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Dead Ideas and Lifeless Old Beliefs
Britain and the Lies of Free Market Fundamentalism
“It’s all sorts of dead ideas, and lifeless old beliefs, and so forth. They have no vitality, but they cling to us all the same, and we can’t get rid of them.”
Penned by Norwegian playwright Henrik Ibsen in his 1881 play, ‘Ghosts’, this quote is timeless in its relevance and poignancy. Humans have a hard time letting go of lifeless old beliefs and dead ideas. In clinging to us, they retain their power over us. Part of the the reason that we can’t get rid of certain ideas and beliefs is that they muddle along devoid of vitality, never fully vindicated nor falsified, a theoretical purgatory for dead ideas.
The tragic implication of ideological purgatory is that the final purge of dead ideas and beliefs is often a period of social convulsions. To purge monarchy and hereditary privilege, the Revolution plunged France into bloodshed and eventually, as all revolutions do, ate its children, before pulling the whole of Europe into its revolutionary throes. Soviet Russia in the 1980’s was a country living in an alternate reality of a dysfunctional, incoherent system within which the game was to pretend otherwise, all the way to the final implosion of the Soviet world.
The latter example is more instructive for the point of this essay, as it related to the death throes of a social order wrapped in an economic system. And in the past year, Britain has finally restored herself to her preeminent global position as the first country to fully convulse in the purges of a dead idea that yet clings to us: the economic catastrophe of free market fundamentalism. The souls that suffer in this purgatory are not the makers of the creed, however, but ordinary people at the brunt end of dead ideas and lifeless old beliefs.
It was possible, of course, prior to the past year to make a strong case that this economic ideology, lifeless as it is, deserved to pass through purgatory into the realm of dead ideas. Like its eerily similar ideological counterpart in communism, market fundamentalism is an ideology characterised as the deployment of radical economic means to disrupt the social order. But in the absence of sheer catastrophe and calamity, the Defenders of the Faith would always be in a position to hand-wave off any questioning of the creed as mere heresy, the capitalist equivalent of “but socialism has never been tried!”
What is it about the past year that has proved cataclysmic? The first event was the short-lived Liz Truss Experiment as Prime Minister and her “think-tank” approved mini-budget that sank the UK economy. The second has been the ongoing grotesque spectacle of corporations declaring windfall profits in a country that has plunged millions out of the middle class, and millions more from the working class into abject poverty. The two are related, as Truss was lodged into power on the backs of the high priests of this socio-economic religion, the very same fanatical libertarian market fundamentalist “think”-tanks that issue dogma as fact without, ironically, any signs of thinking. Nothing “trickles-down”, while the peculiar stupidity of blind faith trickles-up aplenty.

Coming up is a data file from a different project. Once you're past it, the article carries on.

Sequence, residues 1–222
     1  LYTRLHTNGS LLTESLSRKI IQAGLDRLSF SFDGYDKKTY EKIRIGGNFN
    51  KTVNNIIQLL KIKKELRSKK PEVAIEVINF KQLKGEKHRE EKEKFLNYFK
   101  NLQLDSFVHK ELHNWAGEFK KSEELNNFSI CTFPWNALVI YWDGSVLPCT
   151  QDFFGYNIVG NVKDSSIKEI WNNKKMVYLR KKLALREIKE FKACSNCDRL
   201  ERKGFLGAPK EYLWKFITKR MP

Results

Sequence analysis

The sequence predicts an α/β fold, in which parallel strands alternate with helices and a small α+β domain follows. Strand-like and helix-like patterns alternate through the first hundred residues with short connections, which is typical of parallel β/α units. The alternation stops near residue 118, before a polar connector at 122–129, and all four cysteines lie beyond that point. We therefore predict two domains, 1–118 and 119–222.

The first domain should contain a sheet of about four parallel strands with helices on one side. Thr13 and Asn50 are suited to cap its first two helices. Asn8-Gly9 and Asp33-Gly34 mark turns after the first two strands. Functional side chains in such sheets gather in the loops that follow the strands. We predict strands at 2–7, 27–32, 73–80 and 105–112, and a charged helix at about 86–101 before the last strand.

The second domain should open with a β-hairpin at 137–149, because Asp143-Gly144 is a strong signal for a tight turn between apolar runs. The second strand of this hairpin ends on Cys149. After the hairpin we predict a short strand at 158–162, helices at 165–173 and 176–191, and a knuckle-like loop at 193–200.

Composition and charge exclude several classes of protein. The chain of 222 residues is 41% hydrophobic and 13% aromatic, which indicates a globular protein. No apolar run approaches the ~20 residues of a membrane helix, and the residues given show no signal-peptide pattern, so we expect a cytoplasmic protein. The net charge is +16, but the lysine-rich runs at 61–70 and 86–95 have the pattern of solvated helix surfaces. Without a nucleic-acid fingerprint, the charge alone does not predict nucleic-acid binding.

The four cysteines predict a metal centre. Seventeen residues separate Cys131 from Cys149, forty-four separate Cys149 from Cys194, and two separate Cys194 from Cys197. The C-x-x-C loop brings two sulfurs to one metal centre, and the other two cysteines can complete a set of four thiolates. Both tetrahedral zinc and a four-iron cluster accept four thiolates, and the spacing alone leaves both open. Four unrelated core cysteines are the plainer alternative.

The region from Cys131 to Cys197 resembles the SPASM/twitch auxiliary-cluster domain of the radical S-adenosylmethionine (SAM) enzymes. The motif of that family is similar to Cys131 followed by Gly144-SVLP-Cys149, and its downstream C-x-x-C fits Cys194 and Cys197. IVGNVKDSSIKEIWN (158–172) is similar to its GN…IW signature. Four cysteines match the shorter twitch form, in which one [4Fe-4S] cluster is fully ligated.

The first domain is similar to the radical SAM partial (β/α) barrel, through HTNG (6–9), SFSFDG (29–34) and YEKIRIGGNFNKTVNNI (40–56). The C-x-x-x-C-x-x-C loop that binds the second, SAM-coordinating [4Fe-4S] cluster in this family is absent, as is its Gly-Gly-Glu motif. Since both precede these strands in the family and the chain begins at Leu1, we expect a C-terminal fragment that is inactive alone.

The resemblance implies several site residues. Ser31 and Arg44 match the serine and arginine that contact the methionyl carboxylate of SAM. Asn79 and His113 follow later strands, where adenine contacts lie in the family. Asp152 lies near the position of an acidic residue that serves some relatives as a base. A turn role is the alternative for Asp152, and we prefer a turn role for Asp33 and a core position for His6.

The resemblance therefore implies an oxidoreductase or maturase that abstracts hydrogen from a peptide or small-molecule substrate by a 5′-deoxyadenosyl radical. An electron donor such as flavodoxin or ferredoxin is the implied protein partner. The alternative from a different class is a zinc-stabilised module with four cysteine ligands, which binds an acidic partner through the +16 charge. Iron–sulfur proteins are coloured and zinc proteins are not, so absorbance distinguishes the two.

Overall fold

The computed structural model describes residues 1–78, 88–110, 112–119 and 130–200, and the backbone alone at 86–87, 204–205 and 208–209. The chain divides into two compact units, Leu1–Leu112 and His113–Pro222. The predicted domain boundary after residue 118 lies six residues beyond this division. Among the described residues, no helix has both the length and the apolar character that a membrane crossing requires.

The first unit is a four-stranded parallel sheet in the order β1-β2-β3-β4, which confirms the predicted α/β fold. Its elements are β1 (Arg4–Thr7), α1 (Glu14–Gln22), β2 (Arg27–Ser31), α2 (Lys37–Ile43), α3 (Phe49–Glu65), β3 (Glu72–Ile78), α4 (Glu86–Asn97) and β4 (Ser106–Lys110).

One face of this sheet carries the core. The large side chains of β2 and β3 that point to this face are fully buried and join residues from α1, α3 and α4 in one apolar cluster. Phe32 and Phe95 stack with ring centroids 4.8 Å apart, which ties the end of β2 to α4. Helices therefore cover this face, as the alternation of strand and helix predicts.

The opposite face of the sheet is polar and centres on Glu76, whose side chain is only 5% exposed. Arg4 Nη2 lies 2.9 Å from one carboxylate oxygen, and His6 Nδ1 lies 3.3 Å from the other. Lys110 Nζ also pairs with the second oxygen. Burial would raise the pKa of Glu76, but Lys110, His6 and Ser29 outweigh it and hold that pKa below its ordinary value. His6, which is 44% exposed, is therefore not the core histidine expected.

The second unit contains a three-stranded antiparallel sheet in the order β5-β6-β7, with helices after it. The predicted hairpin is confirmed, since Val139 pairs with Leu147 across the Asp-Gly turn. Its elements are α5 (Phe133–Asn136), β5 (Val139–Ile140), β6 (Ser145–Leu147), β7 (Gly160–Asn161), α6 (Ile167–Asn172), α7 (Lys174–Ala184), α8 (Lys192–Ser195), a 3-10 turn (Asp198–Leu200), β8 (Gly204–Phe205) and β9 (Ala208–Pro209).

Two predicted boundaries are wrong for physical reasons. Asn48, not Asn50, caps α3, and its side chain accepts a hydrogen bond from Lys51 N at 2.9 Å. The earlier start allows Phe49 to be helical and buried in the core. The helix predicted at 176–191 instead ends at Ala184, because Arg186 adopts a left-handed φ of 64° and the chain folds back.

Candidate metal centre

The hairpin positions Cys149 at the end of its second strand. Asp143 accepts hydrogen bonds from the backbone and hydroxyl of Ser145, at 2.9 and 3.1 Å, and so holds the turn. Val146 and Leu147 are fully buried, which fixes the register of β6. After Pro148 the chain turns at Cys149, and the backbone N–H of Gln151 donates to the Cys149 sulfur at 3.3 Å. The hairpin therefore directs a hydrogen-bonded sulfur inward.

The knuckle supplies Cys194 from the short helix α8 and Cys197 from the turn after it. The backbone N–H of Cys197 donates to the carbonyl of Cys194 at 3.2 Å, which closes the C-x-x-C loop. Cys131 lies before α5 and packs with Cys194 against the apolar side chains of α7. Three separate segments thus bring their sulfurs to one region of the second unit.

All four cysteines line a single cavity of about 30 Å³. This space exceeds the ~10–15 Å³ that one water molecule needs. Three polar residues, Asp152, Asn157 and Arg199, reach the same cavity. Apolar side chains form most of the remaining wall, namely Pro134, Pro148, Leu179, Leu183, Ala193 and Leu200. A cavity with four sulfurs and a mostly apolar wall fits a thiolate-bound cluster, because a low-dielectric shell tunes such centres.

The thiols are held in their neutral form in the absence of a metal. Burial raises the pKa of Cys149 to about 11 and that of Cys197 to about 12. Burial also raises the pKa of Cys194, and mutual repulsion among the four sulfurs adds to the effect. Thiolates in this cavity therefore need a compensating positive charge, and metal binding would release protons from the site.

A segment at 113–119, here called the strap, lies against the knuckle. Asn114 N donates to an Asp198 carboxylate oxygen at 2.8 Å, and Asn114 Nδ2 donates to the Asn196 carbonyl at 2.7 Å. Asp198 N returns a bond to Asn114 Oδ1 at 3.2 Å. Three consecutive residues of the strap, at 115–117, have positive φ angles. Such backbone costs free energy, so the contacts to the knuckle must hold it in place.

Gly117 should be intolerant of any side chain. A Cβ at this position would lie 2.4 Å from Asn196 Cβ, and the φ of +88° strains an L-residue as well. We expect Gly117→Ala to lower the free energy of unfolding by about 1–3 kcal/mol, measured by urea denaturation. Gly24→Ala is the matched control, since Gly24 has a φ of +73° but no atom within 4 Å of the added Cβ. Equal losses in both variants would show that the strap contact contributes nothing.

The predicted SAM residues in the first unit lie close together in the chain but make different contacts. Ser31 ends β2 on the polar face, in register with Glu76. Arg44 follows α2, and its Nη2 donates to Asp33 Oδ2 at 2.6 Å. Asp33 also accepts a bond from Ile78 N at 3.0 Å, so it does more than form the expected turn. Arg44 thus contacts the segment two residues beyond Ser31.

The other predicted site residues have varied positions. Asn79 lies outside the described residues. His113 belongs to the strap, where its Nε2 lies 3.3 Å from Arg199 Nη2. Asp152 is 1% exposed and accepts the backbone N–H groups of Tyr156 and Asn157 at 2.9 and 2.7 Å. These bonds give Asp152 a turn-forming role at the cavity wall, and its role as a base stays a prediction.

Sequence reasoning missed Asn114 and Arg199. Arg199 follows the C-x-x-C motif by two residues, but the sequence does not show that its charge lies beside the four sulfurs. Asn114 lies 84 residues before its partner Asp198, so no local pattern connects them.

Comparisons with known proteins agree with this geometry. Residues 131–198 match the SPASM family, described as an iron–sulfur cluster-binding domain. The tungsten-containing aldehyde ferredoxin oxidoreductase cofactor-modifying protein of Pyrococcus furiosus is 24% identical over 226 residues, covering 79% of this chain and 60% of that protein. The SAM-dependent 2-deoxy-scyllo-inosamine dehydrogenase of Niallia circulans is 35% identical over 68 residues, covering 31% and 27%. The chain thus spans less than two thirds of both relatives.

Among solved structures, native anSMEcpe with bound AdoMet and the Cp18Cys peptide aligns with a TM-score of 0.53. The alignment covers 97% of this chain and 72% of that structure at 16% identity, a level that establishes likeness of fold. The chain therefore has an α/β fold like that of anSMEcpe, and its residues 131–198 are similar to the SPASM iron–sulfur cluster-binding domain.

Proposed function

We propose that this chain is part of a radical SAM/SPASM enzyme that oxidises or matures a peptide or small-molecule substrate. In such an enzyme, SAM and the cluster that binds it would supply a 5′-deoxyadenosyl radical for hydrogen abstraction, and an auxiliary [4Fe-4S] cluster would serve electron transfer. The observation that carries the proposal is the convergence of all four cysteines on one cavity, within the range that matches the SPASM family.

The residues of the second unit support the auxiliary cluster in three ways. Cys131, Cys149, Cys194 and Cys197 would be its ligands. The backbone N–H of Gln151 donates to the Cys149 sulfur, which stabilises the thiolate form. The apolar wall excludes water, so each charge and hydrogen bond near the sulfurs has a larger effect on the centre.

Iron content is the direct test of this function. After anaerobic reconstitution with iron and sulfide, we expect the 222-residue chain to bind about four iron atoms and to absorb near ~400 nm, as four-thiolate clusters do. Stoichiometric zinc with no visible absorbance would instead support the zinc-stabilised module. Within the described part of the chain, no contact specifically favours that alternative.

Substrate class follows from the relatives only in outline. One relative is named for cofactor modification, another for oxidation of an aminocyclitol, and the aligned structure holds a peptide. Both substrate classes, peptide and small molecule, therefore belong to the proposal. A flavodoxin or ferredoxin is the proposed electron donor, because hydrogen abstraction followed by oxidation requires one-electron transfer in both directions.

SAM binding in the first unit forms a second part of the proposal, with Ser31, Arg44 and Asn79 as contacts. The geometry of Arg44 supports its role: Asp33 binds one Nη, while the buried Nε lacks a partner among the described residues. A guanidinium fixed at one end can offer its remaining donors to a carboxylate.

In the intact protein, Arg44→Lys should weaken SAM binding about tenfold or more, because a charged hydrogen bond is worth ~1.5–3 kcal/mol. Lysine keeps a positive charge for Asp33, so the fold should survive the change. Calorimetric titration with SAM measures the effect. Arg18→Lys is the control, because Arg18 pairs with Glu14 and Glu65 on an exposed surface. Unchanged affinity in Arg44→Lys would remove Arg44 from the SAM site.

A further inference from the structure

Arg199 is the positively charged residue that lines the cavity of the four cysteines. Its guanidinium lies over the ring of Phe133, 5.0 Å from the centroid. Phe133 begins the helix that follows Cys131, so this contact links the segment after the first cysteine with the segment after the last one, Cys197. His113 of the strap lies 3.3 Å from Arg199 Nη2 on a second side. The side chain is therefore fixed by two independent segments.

Let’s start with the spectacle of windfall corporate profits while society, or what is left of it, crumbles. The worm at the core of market fundamentalism, extant since the first holy scriptures of this model were inscribed by its deities, is the “duty to shareholders”. In this concept, the only duty on corporations is to maximise shareholder value, freed of any responsibility to society. And so while consumers are priced out of heating their homes, British Gas owner Centrica doubled its first-half profits in 2023 to £2.1-billion. And while train services have become a woefully dysfunctional shitshow of unreliability and irregularity, UK train companies paid ~£500-million to shareholders last year, while the CEOs of the six biggest train companies took home ~£5-million combined.
This “duty” to maximise shareholder value was described in 2009 by Jack Welch, former CEO of General Electrics in the U.S., as the “dumbest idea in the world”. As Welch stated, shareholder value was “a result, not a strategy...” Yet at this point in the ~40-year trajectory of British market fundamentalism, it is the raison d'être for corporations, to be pursued with ruthless disregard both for immediate employees and for the society from which the profits are milked. The origins of such a dogma can be traced to the “Chicago School” of economics that birthed market fundamentalism and found its political sponsons in Reaganomics and Thatcherism. The seminal scripture is considered to be a 1976 article published in the New York Times by Milton Friedman, the primary deity of this creed, entitled: “The Social Responsibility of Business Is to Increase Its Profits.”
In his article, Friedman argued that the duty of a corporation was:
“to make as much money as possible while conforming to the basic rules of the society, both those embodied in law and those embodied in ethical custom...”